Jake and Dinos Chapman create work that aims to be deliberately shocking, they have even used original watercolors by Adolf Hitler in a series of works in 2008. In the mid 1990’s, their sculptures were included in the YBA showcase exhibitions “Brilliant!” and “Sensation”. The two brothers were also nominated for the annual Turner Prize. In 2013 one of their paintings (One Day You Will No Longer Be Loved III) was used as the subject for a Channel 4 special of Derren Brown (The Great Art Robbery.)
Jake was born in Cheltenham and Dinos was born in London, their mother being an orthodox Greek Cypriot and their father an English art teacher. They were brought up in Cheltenham, but later moved Hastings where they attended William Parker School. Dinos studied at the Ravensbourne College of Art, from 1980 – 1983, and Jake studies the North East London Polytechnic, from 1985 – 1988. Later they both enrolled into a school together (The Royal College of Art) they studied there from 1988 – 1990, while there they worked as assistants to Gilbert and George.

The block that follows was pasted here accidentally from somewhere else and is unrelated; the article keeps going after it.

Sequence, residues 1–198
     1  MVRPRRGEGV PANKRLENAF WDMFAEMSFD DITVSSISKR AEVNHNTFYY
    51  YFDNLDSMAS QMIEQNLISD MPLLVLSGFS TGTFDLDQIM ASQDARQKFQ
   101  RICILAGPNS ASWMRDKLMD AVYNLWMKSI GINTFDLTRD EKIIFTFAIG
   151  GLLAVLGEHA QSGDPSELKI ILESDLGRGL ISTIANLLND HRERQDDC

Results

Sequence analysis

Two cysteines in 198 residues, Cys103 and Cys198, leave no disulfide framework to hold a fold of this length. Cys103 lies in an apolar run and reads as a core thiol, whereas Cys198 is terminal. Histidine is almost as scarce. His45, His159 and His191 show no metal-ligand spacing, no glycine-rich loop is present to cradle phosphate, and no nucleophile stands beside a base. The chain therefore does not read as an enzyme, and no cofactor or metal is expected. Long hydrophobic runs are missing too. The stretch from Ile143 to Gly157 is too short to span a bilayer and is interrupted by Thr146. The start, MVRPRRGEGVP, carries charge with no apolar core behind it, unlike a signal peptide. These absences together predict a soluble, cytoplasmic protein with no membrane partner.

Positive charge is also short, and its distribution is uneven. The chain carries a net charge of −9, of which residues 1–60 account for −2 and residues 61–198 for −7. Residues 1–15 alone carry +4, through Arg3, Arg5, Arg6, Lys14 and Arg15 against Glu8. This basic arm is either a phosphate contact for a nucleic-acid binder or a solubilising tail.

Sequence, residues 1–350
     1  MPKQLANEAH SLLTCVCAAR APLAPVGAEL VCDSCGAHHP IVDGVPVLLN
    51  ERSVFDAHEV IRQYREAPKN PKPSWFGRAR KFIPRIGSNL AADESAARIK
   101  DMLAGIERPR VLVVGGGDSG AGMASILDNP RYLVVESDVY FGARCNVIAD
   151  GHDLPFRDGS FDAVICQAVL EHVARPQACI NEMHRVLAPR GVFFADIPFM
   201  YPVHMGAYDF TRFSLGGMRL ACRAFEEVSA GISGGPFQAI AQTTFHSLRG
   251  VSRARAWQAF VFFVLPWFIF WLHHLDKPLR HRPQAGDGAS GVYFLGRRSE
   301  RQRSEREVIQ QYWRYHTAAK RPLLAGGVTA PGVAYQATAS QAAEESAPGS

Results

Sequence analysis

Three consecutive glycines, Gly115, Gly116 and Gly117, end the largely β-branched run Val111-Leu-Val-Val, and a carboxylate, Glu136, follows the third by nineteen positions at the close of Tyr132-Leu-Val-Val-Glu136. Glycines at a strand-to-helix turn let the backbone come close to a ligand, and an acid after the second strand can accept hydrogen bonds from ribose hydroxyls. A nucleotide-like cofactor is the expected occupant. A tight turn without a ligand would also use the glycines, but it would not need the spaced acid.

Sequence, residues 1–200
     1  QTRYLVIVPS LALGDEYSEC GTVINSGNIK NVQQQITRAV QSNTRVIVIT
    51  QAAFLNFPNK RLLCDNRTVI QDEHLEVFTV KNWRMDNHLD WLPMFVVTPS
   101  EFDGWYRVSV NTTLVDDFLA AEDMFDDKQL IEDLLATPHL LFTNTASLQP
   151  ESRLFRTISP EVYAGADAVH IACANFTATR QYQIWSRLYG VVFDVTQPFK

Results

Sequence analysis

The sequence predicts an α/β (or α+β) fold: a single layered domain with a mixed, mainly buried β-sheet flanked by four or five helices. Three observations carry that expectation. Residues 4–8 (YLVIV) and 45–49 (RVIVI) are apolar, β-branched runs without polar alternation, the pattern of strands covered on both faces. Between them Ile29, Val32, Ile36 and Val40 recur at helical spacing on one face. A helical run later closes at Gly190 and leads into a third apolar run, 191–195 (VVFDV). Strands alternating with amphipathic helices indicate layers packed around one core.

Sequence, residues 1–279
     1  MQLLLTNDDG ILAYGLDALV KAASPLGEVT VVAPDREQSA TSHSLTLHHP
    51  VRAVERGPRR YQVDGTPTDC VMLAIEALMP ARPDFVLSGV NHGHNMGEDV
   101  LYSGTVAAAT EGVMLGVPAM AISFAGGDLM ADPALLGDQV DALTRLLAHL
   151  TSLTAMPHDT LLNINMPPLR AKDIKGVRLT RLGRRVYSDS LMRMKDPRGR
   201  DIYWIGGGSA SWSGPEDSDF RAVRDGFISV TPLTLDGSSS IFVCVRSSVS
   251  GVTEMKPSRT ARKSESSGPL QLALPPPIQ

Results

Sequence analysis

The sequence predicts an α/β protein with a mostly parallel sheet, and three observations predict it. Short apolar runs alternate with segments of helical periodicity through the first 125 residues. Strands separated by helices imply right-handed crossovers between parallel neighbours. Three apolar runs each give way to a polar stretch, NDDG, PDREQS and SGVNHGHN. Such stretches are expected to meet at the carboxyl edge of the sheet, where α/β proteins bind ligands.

They began collaborating in 1991, for most of their work they have made plastic/fiberglass mannequins. One of their earlier pieces, which was inspired by Francisco Goya, consisted of 83 scenes of torture, disfigurement and pain, similar to Goya’s etchings. They have even turned some of their plastic models into life-sized works of art such as The Disasters of War.
The chapman brothers have always continued this theme of the anatomical, pornographic and grotesque, they have made mannequins of children with genitalia in place of facial features, sometimes a group of children fused together. Their sculpture “Hell” (2000) consisted of a large number of miniature figures of Nazi’s arranged in nine glass cases lay out in the shape of a swastika. In 2003, in “Insult to Injury”, they altered a set of Goya’s etchings by adding funny faces. “As a protest against this piece, Aaron Barschak (who later gate-crashed Prince William’s 21st birthday party dressed as Osama bin Laden in a frock) threw a pot of red paint over Jake Chapman during a talk he was giving in May 2003.”
The Chapman brother’s body of work has also referenced work by William Blake, Auguste Rodin and Nicolas Poussin.